However, the service’s end-to-end encryption only protects the contents of communications, not the metadata about who contacted whom and when. Peerio’s Canadian servers still hold users’ contact lists, the number of files and messages sent, and message timestamps. Kobeissi told me access to this metadata is “quite minimal and well-guarded” and he and his colleagues “pledge to fight any overreaching government requests”, but still, the information is there and, unlike the contents of messages, available to Peerio itself. Will Peerio create a way to encrypt this metadata? “One thing at a time,” Kobeissi said.

Peerio’s team includes four permanent staff, but numbers 12 with hired contractors – the outfit has $250,000 in seed funding. The plan is to make money by charging for premium features such as more than a gigabyte of storage, and by targeting the business market at some point.

For a product just entering public beta, Peerio seems admirably clean, functional and user-friendly. As long as people don’t find nasty vulnerabilities – and the firm deals with its metadata-related issues — it could be a viable mass-market encrypted communications and collaboration service. (A minor warning, though: If you import a contacts list, Peerio will send out an invite to everyone on it.)



The more, the merrier, I second that! Having looked around about peerio today, I don’t understand why it’s to be a Gmail alternative without email compatiblity. That’s their marketing, I guess. Thanks for not writing it on Gigaom. seems like a viable option for end-to-end encrypted email. At least it’s the only open source one I am aware of.

David Mytton

It’s great to see many different startups try and tackle the issue of encrypted communications. There was a good talk at 31C3 about why the existing GPG tools are difficult to use[1] and it comes down to things like key exchange and not making a mistake not encrypting when you think you are.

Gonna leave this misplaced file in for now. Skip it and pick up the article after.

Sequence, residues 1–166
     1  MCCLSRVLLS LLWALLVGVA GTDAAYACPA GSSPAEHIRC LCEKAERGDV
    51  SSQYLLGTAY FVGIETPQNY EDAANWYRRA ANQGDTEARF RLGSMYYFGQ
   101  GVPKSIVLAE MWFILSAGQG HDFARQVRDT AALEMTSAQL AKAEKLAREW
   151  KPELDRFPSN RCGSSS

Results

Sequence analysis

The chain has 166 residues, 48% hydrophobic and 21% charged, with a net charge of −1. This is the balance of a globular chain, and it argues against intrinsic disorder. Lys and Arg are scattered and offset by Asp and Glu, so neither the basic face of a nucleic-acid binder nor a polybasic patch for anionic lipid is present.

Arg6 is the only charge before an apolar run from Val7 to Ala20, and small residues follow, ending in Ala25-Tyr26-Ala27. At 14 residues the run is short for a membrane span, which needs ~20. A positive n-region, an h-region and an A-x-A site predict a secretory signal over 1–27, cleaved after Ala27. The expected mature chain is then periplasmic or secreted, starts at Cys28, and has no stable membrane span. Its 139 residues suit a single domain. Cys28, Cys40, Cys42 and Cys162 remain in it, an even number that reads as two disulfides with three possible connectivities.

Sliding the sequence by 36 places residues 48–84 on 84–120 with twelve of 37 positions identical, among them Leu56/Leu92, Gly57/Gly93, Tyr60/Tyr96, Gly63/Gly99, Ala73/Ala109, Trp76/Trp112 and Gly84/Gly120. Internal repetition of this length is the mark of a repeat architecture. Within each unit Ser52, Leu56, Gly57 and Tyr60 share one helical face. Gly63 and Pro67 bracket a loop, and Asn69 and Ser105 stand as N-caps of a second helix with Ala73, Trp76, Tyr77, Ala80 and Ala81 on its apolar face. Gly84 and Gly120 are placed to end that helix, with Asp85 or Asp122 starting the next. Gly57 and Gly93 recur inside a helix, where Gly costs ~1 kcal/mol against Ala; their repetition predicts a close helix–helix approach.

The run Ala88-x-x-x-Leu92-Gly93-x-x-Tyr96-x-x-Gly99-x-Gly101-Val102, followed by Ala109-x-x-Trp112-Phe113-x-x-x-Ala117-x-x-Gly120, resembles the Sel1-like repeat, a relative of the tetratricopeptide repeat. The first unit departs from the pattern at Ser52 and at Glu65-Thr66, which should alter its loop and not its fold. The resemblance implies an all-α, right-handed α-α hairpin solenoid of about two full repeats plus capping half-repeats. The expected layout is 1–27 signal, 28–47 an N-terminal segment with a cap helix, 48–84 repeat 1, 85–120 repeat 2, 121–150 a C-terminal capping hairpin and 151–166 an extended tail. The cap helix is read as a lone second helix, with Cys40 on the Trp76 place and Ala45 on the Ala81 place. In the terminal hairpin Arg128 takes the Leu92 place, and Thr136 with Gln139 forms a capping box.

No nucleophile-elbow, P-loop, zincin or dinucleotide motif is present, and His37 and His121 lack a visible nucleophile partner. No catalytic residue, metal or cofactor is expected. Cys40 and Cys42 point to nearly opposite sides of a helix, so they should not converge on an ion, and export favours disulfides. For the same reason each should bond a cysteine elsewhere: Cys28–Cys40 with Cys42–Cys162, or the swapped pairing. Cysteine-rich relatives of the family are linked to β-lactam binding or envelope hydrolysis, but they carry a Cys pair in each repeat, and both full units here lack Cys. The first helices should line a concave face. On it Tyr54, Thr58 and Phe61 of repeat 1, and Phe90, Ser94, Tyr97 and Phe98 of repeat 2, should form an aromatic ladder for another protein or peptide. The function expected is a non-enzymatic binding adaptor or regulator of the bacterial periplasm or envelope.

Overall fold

However, I think there are several key hurdles to overcome, the main one being piggy-backing on an existing form of communication. Most of the new products we’re seeing require users to download a new app, which necessarily requires anyone you want to communicate with to have the app too. Using an existing transport layer such as phone/VOIP, SMS or email is much easier to get people to adopt because they already have it.

Of course, you could say that about PGP (your recipient has to have a key pair, which is indeed one of the big issues with PGP) but this just swaps one barrier for another rather than solving it completely.

And commenting specifically on Peerio, they do not have a good track record with Cryptocat and once you get tarnished with a reputation for poor security implementations, it may be hard to win back trust. Good to see they have done a 3rd party audit and the code is open source.

Personally, I’m interested to see what Whisper Systems release to go along with their existing Red Phone and TextSecure applications, the latter’s technology is already in Android Whatsapp.


David Meyer

Thanks David – great comment. I think Nadim deserves a second chance, and it was good to see that there’s already been an update to fix the spamming-contacts issue. Regarding what Open Whisper Systems come up with, I’m also looking forward to see that develop. The more the merrier really – I reckon competition will benefit everyone, particularly in the open source context.